"Enter the house of Nazareth, approach this workbench where, beside Joseph and under the maternal glance of his mother, the Son of God worked. God-made-man knew the experience of human work. We want to enter there, into this house of Nazareth. We want to bring all the modern problems of work: all the social, economic, political, cultural and moral problems, all the anxieties connected with the world of work, especially the worry caused by unemployment…In this house in Nazareth we return close to Jesus the worker…There cannot be human work that is alienated [here]. I say this in the name of Jesus…Human work is redeemed, is restored in Jesus Christ." --Angelus Prayer in the Vatican, March 1984 

"People eat the bread produced by the work of human hands—and this means not only the daily bread that keeps the body alive but also the bread of science and progress, civilization and culture. It is also a perennial truth that people eat this bread by the sweat of their brow, that is to say, not only by personal effort and toil but also in the midst of many tensions, conflicts and crises, which, in relationship to the reality of work, disturb the life of society and also all humanity… People, created in the image of God, share by their work in the activity of the Creator…By enduring the toil of work in union with Christ crucified for us, people in a way collaborate with the Son of God for the redemption of humanity."  --Encyclical Laborem Exercens, September 1981 

Workers as Consumers

"It is not wrong to want to live better. What is wrong is a lifestyle which is presumed to be better when it is directed toward having rather than being, and which wants to have more, not in order to be more but in order to spend life in enjoyment as an end in itself." --Encyclical Centesimus Annus, May 1991

"Work must be rescued from the logic of profit, from the lack of solidarity, from the fever of earning ever more, from the desire to accumulate and consume. When work is subjected to inhumane wealth, work becomes a seductive and merciless idol."  --Talk in Vatican City, May 2004 

The Church’s Mission Is to the World of Work

"It is your duty, dear priests, to make [the church’s] wish come true…That workers’ figure and situation be reconsidered, to allow them to be more human and to recover their true greatness as collaborators with God’s creative work…So that the gap between church and factory begins to fill, and that the fumes of incense mix with those of industries in rising up to heaven."  --Talk to priests in the Vatican, April 1979.

"The church, it is sometimes said, only concerns itself with moral and religious values and does not take an interest in economic and temporal values, as if the church did not understand the reality of workers’ situations…I will answer you in all sincerity that these objections have no reason to exist…The true Christian element…brings peace, justice and unity into the factory." --Talk in Pomezia, Italy, September 1979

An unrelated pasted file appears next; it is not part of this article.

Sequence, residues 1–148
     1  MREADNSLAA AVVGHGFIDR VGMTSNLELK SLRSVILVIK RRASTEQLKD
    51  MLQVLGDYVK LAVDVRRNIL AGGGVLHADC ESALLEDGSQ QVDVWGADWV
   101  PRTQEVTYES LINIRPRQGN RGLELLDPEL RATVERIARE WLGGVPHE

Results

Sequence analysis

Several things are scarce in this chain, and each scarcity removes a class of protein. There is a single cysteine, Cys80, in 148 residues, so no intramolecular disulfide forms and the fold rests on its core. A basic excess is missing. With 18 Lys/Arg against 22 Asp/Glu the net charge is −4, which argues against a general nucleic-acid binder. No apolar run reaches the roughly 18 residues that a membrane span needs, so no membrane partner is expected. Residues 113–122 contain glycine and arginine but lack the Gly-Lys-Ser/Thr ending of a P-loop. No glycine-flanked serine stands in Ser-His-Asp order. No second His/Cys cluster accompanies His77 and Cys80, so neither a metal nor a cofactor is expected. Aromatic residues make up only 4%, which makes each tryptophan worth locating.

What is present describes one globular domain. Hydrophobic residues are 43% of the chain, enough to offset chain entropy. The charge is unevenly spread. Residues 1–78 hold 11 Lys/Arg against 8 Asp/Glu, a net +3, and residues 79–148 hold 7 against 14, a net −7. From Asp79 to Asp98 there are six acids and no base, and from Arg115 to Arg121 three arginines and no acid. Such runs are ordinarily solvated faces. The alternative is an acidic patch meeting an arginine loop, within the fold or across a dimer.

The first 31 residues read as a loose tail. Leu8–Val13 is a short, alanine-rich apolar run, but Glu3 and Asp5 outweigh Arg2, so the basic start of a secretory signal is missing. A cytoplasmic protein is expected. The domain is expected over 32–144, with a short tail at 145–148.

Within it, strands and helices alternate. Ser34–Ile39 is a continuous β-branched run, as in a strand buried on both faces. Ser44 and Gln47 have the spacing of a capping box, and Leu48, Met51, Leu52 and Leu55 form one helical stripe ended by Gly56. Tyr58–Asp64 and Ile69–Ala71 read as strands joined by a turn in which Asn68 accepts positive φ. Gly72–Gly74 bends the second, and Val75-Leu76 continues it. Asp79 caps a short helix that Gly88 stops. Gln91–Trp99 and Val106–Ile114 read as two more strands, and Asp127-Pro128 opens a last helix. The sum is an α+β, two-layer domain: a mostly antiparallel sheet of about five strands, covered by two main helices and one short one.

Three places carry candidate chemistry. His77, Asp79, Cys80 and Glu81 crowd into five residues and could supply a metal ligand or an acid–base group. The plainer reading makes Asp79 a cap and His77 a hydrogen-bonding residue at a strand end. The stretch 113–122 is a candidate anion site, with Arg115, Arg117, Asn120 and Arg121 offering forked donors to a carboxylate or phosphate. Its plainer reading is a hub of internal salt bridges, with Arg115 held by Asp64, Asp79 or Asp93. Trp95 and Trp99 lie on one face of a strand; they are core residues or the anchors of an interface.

"The church is convinced that work is a fundamental dimension of human existence on earth…The church considers it her duty to speak out on work…It is her particular duty to form a spirituality of work which will help all people to come closer, through work, to God…This Christian spirituality of work should be a heritage shared by all."  --Encyclical Laborem Exercens, September 1981 

The Christian Concept of Enterprise

"People and human values must be the beginning and end of the economy. The standard for making decisions, even in the moment of major crisis, cannot be an overvaluation of profit." --Talk in Milan, Italy, May 1983 

"In the Christian concept of enterprise…economics and technology really have no meaning unless they have reference to humankind, whom they must serve…An enterprise is not just a production structure. It should also transform itself into a life-giving community, a place where people live with and relate to their peers, where personal development is not only allowed but also encouraged. The main enemy of a Christian sense of enterprise is a certain functionalism that makes efficiency the only and the immediate requirement for production and work." --Talk in Barcelona, Spain, November 1982 

"The purpose of a business firm is not simply to make a profit, but is to be found in its very existence as a community of persons…Profit is a regulator of the life of a business, but it is not the only one. Other human and moral factors must be considered which, in the long term, are at least equally important for the life of a business." --Encyclical Centesimus Annus, May 1991 

How Pope Upgraded Doctrine of Work

In the special edition of Initiatives, its editor, William Droel, introduces the above excerpts with a profound analysis of Pope John Paul II's contribution to a recent sharp "turn in the Catholic doctrine on work," away from being seen "as strictly a penance for original sin, a necessary evil."  Droel writes that the development of the new "gospel of work...should be considered near the top achievements of John Paul II's pontificate," and adds:

"It should be no surprise that John Paul II continually preached a 'gospel of work' and repeatedly called for 'a spirituality of work' and 'a civilization based on work' -- evocative phrases, the full implications of which will continue to unfold in the coming years. John Paul II was, after all, a worker!  He and St. Peter, two of the four popes who served at least 25 years, are also among the very few popes to have held a job....

"Yet, John Paul II was unable to make 'the gospel of work' a salient feature in the spirituality of most Catholics -- at least that's the observation from Initiatives' attic office near Chicago's Midway Airport.  To carry out a legacy for John Paul II, Catholics will have to get more serious about the present vocation crisis in many occupations and professions. It is a crisis of meaning in which careerism is substituted for calling.  It is a crisis in which lots of jobs are not structured for health and meaningfulness.  It is a crisis about the quality of work, about ethical practices in the marketplace, about poverty amid plenty."
Droel's lengthy analysis is well worth reading in full. Unfortunately, it is not available on a Website.  For a printed copy of the special edition, write Initiatives at P.O. Box 291102, Chicago, IL 60629., or send a fax to 773/776-9036.


Human Rights for Workers: Bulletin No. X-5    April  12, 2005
Robert A. Senser, editor
Copyright 2005